‘Windfall Nights’ explores friendships

Kelly Hurla / Washburn Review

As soon as I read the first page of “Windfall Nights,” I knew I had come across something unique.

The author, William Claypool, tells an unconventional story of a friendship that begins late in the main character Julian’s undergraduate college career. 

The first page drew me in, although the first two chapters were a little slow and hard to follow.  After this point however the plot picks up. 

The story starts with Julian and his wife on a cruise ship outside of Vietnam. Julian spends time reminiscing about an old friend. You’re then taken back to an earlier time in Vietnam where Julian meets his friend, Thomas. The timing of these events left me slightly confused.  In the third chapter though, the reader is taken to the beginning of this friendship and get to watch it develop. 

Julian takes a job working nights as a hotel bellman.  Although Thomas works days as the hotel handyman, they become close.  Both characters bond easily because they have faced struggles in their lives.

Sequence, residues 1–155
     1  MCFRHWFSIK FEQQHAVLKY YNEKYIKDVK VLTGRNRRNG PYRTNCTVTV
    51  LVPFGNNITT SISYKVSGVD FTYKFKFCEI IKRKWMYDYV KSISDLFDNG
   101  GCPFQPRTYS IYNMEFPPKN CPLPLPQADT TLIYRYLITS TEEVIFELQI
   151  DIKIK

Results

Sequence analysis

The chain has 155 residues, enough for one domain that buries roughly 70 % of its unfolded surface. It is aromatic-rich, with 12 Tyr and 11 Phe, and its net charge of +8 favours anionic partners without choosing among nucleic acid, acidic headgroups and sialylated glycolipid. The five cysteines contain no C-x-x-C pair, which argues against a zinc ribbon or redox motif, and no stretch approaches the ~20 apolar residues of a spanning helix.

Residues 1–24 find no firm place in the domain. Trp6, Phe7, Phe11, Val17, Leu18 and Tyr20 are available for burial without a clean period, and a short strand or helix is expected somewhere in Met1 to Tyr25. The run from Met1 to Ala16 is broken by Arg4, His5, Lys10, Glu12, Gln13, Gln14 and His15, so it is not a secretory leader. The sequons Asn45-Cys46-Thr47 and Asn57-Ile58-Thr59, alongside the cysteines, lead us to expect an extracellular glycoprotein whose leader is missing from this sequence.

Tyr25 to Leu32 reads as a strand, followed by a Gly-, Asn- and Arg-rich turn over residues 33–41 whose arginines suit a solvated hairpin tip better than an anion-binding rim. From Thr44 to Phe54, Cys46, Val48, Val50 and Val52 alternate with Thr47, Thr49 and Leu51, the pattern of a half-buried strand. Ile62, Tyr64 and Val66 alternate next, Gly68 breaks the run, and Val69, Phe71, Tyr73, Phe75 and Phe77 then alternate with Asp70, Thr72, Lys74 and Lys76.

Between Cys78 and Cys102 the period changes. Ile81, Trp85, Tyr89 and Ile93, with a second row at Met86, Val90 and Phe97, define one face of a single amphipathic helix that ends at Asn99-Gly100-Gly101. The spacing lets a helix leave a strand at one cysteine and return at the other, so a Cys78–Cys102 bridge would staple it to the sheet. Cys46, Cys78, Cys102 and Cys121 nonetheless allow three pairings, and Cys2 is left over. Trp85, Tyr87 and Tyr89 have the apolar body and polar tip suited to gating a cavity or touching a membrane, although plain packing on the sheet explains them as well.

It’s interesting because it’s an unlikely, but at the same time, believable story.  The characters are relatable, even with Thomas’s unpredictability, his struggles are what keep the book going.

After a climactic chapter, the timing jumps around slightly again.  And in the end, you’re brought back to the beginning with Julian and his wife.

It’s truly a story of the people that stay with us long in life, even if only by memories.

I felt like I really knew who the characters in the book were. I found myself wanting to stop by the hotel and have a chat with the few residents or employees.  While I knew what they were thinking or feeling, I wasn’t always sure of their appearance. I actually enjoy how the characters’ descriptions are never developes, which allows me to envision my own characters in my head. 

As I mentioned earlier, the order of events in the story may be confusing at times.  Nevertheless, I believe this is truly how someone would look back at events, especially about how we can’t always forget our memories no matter how much we want to. 

“Examining the old scars of memory is always risky and not my particular talent,” Julian narrates. “Even happy recollections are dappled with the reality that their time is gone.”

Overall, I think that this was a great read.  It might be a little slow to start out, but it’s definitely worth it to stick it out and keep reading.  There’s a hint of mystery, a lot of hoping for the best and just rooting for people to do the right thing.